Best-selling author Leslie Morgan Steiner let the Briar Woods High School Class of 2014 know that all life’s misfortunes are not irreversible during its commencement exercises on June 16, 2014, George Mason University’s Patriot Center.
“A few years ago, a close friend from high school, who had known me since I was 12 years old, offered an observation about my life that got my attention. My friend told me ‘You have had so many bad things happen to you.’ Her tone of voice made it clear she felt kind of sorry for me. And in many ways, my friend was right.”
Steiner said she grew up with an alcoholic mother.
“My mother was a smart, beautiful woman, whom I adored and admired tremendously. She got drunk every night of my childhood. My mother was not a silly drunk. She was a mean drunk.”
When her mother was drunk, Steiner said she was violently abusive toward her children. As a 17-year-old, Steiner became anorexic, losing 40 pounds in two months, and went off to Harvard weighing 90 pounds.
“In my early 20’s, I fell head-over-heels in love with, and married, a fascinating, talented, utterly brilliant man who had been beaten as a child by his stepfather. He proceeded to repeat the abuse with me. He beat me on our honeymoon, on Christmas Day and my birthday.”
Despite these hardships, Steiner said her friend was wrong about Steiner’s life.
“My mother’s alcoholism showed me – up close and personal – how destructive drinking could be. Watching her addiction destroy my family, I vowed when I turned 18 that I would not let alcohol ruin my life. I haven’t had a drink or taken a drug since that day.”
When she reached college, Steiner realized that anorexia would kill her. “I wanted to live. I asked for help from people who understood eating disorders.”
Steiner recovered fully and graduated on schedule. She then wrote an essay on anorexia that launched her writing career. Steiner left her abusive husband and learned to put herself first in life and love.
“My words of wisdom for you on this beautiful, memorable, exciting day in your young life; embrace the personal problems.” Steiner told the graduates not to let their personal troubles shame them. “Be proud of the cards life deals you, because everybody gets some terrible hands. Obstacles and tragedies can actually be wonderful opportunities to discover your own courage.
“For the record, you can make a lot of mistakes in your life and still grow up and leave the hard times behind, especially if you have a little help from friends, adults, teachers, parents, coaches who believe in you when you are not able to believe in yourself. Always ask for help. Always tell others your problems. You are never alone. I wouldn’t be here today if I hadn’t asked for help or if I hadn’t gotten help.”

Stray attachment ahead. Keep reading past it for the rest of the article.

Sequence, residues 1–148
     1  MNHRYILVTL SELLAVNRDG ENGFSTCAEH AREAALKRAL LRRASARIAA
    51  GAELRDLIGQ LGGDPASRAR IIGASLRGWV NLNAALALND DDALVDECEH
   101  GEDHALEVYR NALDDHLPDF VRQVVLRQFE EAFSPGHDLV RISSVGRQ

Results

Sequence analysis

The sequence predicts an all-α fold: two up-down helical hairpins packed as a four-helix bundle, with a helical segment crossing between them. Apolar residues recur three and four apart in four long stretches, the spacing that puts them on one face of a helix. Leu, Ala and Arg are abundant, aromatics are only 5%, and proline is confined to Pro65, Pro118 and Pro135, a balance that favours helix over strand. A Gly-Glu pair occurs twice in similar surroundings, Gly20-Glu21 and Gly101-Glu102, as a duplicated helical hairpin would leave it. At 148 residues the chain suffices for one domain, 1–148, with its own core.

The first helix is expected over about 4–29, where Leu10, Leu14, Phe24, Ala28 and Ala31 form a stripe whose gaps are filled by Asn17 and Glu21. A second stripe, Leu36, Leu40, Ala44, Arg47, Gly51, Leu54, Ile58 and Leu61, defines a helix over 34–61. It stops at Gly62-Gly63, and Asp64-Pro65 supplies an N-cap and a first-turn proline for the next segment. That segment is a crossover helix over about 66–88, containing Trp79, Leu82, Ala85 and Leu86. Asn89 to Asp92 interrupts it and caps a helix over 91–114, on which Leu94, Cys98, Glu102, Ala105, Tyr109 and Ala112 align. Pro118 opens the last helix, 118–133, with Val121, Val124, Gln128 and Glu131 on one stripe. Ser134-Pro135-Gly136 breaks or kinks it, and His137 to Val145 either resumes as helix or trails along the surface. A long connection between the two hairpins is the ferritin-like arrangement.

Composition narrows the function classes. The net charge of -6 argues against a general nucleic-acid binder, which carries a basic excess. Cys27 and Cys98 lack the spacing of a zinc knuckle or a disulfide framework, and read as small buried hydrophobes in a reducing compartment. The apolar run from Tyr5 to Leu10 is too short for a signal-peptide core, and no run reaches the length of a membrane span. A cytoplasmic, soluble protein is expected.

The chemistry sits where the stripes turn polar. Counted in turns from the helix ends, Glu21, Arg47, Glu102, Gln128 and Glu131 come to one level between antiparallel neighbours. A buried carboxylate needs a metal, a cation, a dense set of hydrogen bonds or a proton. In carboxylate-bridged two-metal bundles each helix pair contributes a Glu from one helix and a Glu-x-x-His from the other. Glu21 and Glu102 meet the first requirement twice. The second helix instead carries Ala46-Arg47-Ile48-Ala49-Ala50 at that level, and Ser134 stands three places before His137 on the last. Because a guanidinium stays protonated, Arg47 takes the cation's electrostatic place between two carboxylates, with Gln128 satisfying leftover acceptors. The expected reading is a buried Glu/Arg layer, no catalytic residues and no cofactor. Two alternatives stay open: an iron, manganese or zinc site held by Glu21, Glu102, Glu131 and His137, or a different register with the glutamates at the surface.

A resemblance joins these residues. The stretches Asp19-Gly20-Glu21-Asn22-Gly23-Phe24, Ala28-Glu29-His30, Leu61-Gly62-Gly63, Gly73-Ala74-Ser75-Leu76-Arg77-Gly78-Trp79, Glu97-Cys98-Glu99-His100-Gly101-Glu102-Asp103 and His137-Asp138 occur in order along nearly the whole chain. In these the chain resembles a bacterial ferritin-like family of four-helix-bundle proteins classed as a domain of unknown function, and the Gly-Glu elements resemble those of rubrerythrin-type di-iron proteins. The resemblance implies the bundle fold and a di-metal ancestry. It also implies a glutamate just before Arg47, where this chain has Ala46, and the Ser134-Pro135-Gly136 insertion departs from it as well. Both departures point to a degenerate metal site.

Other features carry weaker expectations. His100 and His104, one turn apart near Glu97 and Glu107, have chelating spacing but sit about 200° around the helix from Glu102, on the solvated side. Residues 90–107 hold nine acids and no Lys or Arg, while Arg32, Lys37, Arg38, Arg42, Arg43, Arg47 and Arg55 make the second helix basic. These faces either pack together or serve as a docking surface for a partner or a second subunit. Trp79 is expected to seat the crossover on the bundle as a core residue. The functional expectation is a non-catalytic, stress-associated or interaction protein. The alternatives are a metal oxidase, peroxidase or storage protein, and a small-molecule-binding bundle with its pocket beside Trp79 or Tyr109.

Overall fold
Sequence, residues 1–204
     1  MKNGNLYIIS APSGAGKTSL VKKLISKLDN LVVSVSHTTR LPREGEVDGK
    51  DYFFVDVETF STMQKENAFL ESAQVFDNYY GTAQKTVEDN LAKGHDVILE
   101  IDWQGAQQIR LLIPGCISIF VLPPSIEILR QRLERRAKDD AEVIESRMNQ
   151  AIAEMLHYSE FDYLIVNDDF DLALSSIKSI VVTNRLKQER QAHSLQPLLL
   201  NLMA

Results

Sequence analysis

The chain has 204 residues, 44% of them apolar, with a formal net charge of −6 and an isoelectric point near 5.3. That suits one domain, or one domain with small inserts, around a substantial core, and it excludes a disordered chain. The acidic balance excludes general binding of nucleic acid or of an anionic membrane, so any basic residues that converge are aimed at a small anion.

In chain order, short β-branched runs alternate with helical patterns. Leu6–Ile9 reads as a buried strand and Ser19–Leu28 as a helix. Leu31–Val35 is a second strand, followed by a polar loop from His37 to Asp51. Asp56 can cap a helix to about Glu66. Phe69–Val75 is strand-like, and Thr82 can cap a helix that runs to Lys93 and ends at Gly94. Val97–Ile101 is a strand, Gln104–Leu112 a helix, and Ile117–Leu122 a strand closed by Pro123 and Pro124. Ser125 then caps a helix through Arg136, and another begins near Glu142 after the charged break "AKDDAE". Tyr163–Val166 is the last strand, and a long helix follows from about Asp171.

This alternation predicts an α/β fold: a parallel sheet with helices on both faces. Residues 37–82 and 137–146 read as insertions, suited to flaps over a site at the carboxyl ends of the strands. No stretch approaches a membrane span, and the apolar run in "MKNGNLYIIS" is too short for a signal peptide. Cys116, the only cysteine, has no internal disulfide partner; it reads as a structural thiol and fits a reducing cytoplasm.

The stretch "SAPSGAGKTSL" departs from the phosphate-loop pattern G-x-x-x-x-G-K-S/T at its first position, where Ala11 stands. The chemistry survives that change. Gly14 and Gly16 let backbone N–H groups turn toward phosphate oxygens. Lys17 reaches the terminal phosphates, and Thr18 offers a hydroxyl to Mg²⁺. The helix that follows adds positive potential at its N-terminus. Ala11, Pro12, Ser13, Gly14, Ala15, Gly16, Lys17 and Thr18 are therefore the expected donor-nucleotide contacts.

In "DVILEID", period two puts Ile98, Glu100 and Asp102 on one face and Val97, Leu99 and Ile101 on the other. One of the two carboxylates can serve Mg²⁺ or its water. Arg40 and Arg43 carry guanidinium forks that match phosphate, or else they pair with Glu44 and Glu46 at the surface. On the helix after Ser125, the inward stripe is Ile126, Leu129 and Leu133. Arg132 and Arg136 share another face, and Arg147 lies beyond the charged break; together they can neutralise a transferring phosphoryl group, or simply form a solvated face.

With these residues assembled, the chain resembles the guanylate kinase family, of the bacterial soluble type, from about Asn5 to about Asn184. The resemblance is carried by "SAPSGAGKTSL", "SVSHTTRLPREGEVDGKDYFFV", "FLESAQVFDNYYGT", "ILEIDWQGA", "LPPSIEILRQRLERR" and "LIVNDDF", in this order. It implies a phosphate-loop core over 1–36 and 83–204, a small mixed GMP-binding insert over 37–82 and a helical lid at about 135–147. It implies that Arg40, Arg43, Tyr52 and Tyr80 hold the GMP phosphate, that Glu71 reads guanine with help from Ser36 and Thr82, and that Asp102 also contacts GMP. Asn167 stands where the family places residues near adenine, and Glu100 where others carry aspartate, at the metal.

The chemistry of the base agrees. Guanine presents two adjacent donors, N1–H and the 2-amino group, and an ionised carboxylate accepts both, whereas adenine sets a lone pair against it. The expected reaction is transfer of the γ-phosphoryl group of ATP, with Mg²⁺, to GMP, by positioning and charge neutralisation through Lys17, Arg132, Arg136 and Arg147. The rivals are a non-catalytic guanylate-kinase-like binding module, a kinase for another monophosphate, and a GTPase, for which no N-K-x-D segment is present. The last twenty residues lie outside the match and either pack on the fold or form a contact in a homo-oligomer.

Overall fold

Loudoun County Public Schools (LCPS) Superintendent Dr. Edgar B. Hatrick III has attended all eight of Briar Woods’ commencement exercises. He said at the first such event, the faculty and students were able to sit on stage in the school’s auditorium with their parents in front of them. “That gives you some idea about how much you have changed over time.”
Hatrick urged the graduates to create a culture of kindness in their life and the world around them. “In every relationship that you get into, if you will give back more than you get, you will be improved, the relationship will be improved and the community you are a part of will be improved. In every relationship there is give and take; just make sure you are always giving more than you take.
That you are being kind; that you are willing to step out and demonstrably show someone that you care about them.”
Principal Ed Starzenski asked the students to develop the people skills – beyond their academic skills – that will make them successful employees.
“There’s a lot more to being a productive, effective employee other than knowing your stuff. You’ve got to be able to have people skills and you’ve got to be able to work with the people around you. That’s important; even more so than knowing your stuff.
“At some point in time you’re going to be working someplace and you’re going to be a member of a team. That team is going to have a common goal. You’re going to have to rely on one another in order to achieve that goal…
“When employers are looking for prospective employees, they are looking for problem-solvers, not problem-creators.”
Valedictorian Toshali Randev spoke about the graduates’ future.
“When you get through this event tonight, I want you to look forward to that ‘great perhaps’ that keeps me going. I can see for miles and miles and I can see that among us sit the professional athletes, the doctors, the engineers, the teachers, the leaders of the future. We are so immensely privileged to have the education, and the opportunities, we’ve had at Briar Woods and within Loudoun County. But now it’s time to take chances, explore possibilities; build on this strong foundation these teachers have given us.”
The co-salutatorians were Ameera Farooqi and Michael Holohan.
Some facts about the Briar Woods High School Class of 2014:
- There were 479 members of the Class of 2014.
- 390 of the graduates received an Advanced Study diploma.
- 122 students graduated with a 4.0 grade points average (GPA) or better.
- 57 seniors had a GPA of 4.3 or better.
- The Class of 2014 completed 1,800 Advanced Placement (AP) classes during its high school year with more than 80 percent of the graduates taking one or more AP course.
- 96 percent of the Class of 2014 will be going on to college at 97 different institutions of higher learning in 30 states.
- The Briar Woods High School Class of 2014 earned $5.2 million in scholarships.
School Board Vice Chairman Jill Turgeon (Blue Ridge District), Tom Reed (At-Large), Kevin Kuesters (Broad Run District) and Jeff Morse (Dulles District) attended Briar Woods’ graduation.